Instead it becomes clear that Autumn is going to have to spend the next couple of days living off vending-machine food and making conversation with a boy who clearly wants nothing to do with her. Except there is more to Dax than meets the eye. As he and Autumn first grudgingly, and then not so grudgingly, open up to each other, Autumn is struck by their surprising connection. But can their feelings for each other survive once the weekend is over and Autumn’s old life, and old love interest, threaten to pull her from Dax’s side?


Kasie West is one of those authors I go to, when I know I want to read something that’ll leave me happy and it won’t be too taxing to read. I hope that doesn’t sound like an insult, as it’s not intended that way! Kasie West’s books are just easy to devour and I have always enjoyed them. By Your Side wasn’t my favourite Kasie West book, but it was still a decent contemporary read.

By Your Side centres around Autumn. One day, Autumn finds herself trapped inside a library for a long weekend. Autumn isn’t alone. She’s trapped with Dax. Autumn doesn’t know a lot about Dax, but she’s heard rumours that he’s trouble. Autumn has no way of getting out, her bag is in the car with her friend, Dax’s phone is dead… so they just have to stay in the library and live off vending-machine food. Dax doesn’t want anything to do with her, but after a while they begin to warm to one another. After Autumn finds out information about her friend, she experiences a panic attack. Dax manages to get her help. The story follows Autumn after she gets out of the library. Will her connection with Dax last?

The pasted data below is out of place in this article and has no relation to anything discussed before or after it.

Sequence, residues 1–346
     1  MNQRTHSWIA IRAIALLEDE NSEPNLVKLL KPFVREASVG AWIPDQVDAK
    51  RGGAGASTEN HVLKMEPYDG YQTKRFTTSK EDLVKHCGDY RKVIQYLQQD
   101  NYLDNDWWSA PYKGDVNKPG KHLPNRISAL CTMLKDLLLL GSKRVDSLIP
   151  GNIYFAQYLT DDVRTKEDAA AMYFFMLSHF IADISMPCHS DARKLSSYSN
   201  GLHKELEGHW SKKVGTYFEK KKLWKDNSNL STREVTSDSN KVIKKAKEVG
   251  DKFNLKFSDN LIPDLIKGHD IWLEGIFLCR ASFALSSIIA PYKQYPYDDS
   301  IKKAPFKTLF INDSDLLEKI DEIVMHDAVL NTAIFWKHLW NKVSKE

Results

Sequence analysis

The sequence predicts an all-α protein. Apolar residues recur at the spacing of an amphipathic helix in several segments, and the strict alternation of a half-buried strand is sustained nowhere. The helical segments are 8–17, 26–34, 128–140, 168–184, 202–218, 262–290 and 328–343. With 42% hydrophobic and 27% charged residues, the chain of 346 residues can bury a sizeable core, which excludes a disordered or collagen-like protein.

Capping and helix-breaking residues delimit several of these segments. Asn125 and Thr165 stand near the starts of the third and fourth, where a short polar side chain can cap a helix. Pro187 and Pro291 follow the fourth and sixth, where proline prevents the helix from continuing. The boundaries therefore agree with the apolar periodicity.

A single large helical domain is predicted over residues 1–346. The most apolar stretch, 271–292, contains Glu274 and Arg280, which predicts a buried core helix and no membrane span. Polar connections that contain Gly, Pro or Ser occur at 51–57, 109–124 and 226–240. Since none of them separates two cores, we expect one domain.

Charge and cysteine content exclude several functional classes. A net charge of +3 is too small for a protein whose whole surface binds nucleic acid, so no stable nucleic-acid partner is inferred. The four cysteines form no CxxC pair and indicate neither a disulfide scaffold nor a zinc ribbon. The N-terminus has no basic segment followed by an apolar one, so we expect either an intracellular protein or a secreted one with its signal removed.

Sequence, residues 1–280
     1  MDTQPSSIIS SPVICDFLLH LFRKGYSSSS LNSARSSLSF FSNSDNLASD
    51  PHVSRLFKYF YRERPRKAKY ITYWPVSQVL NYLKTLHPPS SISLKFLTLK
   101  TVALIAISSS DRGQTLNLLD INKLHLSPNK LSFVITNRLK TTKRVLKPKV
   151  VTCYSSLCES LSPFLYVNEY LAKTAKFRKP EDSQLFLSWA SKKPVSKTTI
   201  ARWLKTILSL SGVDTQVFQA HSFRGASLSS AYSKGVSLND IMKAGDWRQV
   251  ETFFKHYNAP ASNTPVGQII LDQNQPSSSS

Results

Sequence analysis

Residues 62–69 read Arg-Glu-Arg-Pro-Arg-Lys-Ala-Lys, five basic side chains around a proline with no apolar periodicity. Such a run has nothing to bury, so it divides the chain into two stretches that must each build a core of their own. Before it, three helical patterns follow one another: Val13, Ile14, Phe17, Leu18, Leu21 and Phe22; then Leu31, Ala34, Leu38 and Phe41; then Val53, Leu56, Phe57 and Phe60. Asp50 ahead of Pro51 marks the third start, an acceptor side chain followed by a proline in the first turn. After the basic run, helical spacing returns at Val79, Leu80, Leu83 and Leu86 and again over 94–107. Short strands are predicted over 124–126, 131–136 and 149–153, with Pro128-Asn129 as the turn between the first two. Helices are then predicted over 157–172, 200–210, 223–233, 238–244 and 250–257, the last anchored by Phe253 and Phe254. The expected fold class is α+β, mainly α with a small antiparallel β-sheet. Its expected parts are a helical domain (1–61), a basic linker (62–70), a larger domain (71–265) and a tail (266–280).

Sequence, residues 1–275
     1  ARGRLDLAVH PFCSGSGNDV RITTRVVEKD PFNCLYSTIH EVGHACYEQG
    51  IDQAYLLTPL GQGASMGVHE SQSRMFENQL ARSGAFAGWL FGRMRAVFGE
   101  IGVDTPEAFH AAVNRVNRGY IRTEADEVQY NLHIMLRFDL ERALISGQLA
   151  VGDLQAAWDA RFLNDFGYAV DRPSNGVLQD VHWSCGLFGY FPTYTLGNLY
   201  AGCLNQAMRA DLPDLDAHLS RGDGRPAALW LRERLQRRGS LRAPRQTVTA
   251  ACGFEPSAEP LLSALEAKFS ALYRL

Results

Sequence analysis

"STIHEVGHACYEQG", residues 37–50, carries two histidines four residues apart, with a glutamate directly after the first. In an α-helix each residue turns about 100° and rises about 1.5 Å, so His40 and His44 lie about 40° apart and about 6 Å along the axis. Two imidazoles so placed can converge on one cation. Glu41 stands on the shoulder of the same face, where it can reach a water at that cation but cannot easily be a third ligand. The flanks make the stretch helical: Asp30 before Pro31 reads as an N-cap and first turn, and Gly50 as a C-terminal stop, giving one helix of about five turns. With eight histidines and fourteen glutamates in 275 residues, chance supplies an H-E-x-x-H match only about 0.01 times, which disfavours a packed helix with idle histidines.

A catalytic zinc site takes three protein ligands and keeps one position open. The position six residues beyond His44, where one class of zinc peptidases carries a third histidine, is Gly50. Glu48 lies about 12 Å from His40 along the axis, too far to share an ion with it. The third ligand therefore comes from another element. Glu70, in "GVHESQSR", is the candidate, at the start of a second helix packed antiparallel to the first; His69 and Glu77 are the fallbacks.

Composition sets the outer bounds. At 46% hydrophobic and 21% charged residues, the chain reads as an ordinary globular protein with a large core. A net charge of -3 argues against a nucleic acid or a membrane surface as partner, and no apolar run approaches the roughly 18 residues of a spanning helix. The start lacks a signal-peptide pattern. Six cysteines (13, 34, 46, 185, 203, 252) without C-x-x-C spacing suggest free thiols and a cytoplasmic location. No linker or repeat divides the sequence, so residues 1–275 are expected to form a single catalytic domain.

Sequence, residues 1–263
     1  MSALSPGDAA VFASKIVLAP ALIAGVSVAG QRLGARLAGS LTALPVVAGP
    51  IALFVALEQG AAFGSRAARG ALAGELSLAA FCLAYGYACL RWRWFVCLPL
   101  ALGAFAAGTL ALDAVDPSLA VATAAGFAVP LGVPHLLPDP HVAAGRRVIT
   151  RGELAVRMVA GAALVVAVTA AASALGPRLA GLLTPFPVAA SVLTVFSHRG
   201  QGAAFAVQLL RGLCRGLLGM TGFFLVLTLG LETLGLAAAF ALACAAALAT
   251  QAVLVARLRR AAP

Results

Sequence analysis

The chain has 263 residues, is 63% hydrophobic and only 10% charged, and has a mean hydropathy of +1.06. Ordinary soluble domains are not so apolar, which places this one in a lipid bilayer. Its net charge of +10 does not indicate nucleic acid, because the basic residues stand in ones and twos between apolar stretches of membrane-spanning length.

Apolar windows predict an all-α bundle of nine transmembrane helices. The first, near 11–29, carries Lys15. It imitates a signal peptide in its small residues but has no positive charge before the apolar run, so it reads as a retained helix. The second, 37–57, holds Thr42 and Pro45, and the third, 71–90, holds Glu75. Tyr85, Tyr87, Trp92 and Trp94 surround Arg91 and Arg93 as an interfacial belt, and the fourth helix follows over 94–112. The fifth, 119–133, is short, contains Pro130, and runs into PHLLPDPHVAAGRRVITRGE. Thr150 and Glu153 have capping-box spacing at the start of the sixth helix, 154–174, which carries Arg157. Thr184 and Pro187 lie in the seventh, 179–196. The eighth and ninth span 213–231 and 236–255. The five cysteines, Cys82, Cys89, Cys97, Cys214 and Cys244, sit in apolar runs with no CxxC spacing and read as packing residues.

I have mixed feelings about anxiety in this book. First of all, I must say I love it when a character with anxiety is represented. I suffer from anxiety myself and appreciate its representation, especially in YA. I loved how supportive Autumn’s family were of her anxiety. I loved that her mum encouraged her to take mental health days and was constantly checking on Autumn’s feelings and emotions. Yes for supportive parents in YA!

On a more negative note, I felt like Autumn’s anxiety wasn’t portrayed in the best way that it could be. I totally understand that anxiety can take many shapes and forms, but I didn’t buy into Autumn’s anxiety. I also couldn’t believe that Autumn’s friends wouldn’t notice she had anxiety? Sure, she was medicated, but in my experience, even with medication it’s still there…just a dialled down version. My friends can still tell that I’m anxious in situations.

Another reason why I didn’t rate this any higher was because not all of the characters felt real enough to me. I felt like I didn’t know nearly enough about Dax to invest in their relationship.

I think this is a book where you have to suspend your disbelief (who gets locked in a library without phones in there…?) and just enjoy for what it is! A cute romance that doesn’t take long to read.

Would I recommend it?

Whilst this isn’t my favourite Kasie West book, it doesn’t take long to read, just suspend your disbelief! 

Girl Online

Girl Online

How did I get it?:
I bought it!